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NZ must weigh market impact of fiscal plans under law change

Thursday 26th April 2012

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Future governments will have to weigh up the impact of their spending plans against the potential impact on interest rates and the currency after the National-led administration tinkers with the Public Finance Act.

Finance Minister Bill English told a business audience in Wellington the government will tweak the act in next month’s budget to introduce more “checks and balances on ministers’ spending decisions and their long-term effects.”

That will come in tandem with new legislation to introduce a spending cap linking increased expenditure to population growth and inflation as part of its governing arrangements with the Act Party.

One of the changes to the act on the table would mean future administrations have to “consider the impact of their fiscal strategy on the broader economy, in particular interest rates and exchange rates,” English told the Wellington Employers’ Chamber of Commerce.

Last month, Treasury boss Gabriel Makhlouf said his department recommended changes to the act that would let governments structure their spending with economic cycles so as to avoid putting pressure on interest rates and the currency.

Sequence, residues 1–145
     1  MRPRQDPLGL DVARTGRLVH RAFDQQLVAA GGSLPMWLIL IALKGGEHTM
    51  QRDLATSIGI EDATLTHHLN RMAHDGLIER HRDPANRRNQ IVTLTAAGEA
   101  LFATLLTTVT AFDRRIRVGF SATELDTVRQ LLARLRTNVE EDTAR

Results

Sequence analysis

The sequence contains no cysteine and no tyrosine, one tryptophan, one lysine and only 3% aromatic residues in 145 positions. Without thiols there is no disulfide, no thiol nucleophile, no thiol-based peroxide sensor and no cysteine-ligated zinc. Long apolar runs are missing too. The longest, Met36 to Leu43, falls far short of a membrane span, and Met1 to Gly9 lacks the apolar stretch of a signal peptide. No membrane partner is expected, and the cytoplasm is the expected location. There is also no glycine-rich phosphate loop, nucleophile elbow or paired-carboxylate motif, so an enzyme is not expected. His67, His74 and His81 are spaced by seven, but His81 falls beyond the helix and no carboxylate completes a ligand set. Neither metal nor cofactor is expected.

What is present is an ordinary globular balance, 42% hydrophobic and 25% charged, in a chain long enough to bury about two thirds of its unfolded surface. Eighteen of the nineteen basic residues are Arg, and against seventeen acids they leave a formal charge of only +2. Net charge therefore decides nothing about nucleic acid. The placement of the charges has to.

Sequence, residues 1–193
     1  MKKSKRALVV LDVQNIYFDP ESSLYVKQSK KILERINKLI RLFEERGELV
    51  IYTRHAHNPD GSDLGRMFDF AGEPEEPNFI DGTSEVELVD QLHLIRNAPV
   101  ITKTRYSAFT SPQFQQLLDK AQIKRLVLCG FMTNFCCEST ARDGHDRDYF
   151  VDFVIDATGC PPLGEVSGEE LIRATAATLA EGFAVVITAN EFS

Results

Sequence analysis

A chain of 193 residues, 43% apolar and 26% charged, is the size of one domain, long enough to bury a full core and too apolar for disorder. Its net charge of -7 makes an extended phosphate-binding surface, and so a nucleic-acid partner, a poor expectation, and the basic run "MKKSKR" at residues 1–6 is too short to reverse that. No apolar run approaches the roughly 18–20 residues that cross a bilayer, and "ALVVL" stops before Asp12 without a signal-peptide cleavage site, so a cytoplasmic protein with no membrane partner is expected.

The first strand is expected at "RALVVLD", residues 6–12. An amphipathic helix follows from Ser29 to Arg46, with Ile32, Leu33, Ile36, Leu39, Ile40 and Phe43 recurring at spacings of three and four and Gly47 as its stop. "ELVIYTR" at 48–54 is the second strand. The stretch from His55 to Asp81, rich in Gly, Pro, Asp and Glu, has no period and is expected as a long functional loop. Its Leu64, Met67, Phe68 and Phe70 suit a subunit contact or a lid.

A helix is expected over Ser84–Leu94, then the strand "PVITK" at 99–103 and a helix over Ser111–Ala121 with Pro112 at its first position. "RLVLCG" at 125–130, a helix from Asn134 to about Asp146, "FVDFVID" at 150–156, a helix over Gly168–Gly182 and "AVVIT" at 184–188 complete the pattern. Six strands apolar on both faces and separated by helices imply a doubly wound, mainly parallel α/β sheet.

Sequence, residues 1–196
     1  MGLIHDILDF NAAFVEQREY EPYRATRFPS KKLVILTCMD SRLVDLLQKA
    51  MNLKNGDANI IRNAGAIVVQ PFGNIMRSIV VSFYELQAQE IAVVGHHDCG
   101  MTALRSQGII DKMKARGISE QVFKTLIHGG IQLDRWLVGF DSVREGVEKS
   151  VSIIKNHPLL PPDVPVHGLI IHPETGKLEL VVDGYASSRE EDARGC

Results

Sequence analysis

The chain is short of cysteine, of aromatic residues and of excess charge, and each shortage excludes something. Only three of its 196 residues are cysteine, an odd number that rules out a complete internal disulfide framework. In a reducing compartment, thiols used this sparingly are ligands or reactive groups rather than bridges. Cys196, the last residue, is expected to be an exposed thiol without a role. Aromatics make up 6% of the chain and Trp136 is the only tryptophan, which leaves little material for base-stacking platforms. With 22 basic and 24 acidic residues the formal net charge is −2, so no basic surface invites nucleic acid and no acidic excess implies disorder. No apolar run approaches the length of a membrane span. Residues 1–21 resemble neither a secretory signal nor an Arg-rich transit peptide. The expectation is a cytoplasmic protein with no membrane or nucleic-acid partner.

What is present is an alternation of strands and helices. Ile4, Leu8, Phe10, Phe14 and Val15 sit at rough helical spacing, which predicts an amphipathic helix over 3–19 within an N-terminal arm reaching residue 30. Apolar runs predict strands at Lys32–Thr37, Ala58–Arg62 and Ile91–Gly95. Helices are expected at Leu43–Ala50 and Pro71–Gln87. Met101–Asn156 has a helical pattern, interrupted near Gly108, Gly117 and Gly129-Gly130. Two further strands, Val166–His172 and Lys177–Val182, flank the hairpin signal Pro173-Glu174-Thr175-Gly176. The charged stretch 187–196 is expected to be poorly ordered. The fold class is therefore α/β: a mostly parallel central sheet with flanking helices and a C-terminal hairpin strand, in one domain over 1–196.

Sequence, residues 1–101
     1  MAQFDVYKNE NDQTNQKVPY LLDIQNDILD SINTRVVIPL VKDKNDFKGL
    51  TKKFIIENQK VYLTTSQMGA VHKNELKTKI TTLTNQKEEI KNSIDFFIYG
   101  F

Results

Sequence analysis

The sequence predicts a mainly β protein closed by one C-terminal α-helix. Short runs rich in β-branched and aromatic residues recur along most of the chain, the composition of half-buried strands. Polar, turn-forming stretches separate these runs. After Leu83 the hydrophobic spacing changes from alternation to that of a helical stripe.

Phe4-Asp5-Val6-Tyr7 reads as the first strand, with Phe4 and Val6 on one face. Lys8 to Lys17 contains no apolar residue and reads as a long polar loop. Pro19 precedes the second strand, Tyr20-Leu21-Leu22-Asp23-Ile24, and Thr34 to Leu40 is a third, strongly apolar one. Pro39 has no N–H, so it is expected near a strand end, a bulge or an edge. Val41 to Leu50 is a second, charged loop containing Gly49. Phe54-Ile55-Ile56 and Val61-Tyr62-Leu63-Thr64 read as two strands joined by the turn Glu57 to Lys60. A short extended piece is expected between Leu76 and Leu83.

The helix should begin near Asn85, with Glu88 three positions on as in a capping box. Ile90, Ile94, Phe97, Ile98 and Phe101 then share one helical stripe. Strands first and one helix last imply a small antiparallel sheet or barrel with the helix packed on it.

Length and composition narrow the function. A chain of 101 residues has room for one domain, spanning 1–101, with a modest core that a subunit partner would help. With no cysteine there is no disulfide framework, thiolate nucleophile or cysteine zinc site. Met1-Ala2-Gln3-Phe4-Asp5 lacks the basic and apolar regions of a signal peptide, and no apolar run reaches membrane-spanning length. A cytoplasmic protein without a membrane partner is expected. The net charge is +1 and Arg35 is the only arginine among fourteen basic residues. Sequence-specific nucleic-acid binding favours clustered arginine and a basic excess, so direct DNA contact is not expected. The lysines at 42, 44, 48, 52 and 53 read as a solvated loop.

Earlier this week, fund manager AMP Capital Investors said it expects the official cash rate will probably settle at a lower than normal level of 4.5 percent with tight fiscal and monetary policy running in tandem.

English said governments would also have to set out priorities for spending, revenue and the balance sheet, and account for fiscal policy decisions on future generations.

The proposed legislation would likely be tabled in the middle of the year, and is part of its supply and confidence agreement to secure the Act Party’s one vote.

“The government will consult other political parties on the proposed changes, which we will include in a bill to be introduced around the middle of this year,” English said.

Spending on natural disasters, finance costs, unemployment benefits and asset impairments would excluded, as those are “either beyond the government’s control or they help stabilise the economy in a downturn,” English said.

If an administration breached the cap, it will have to front up and explain why, as well as outline how it plans to keep within the cap in the future.

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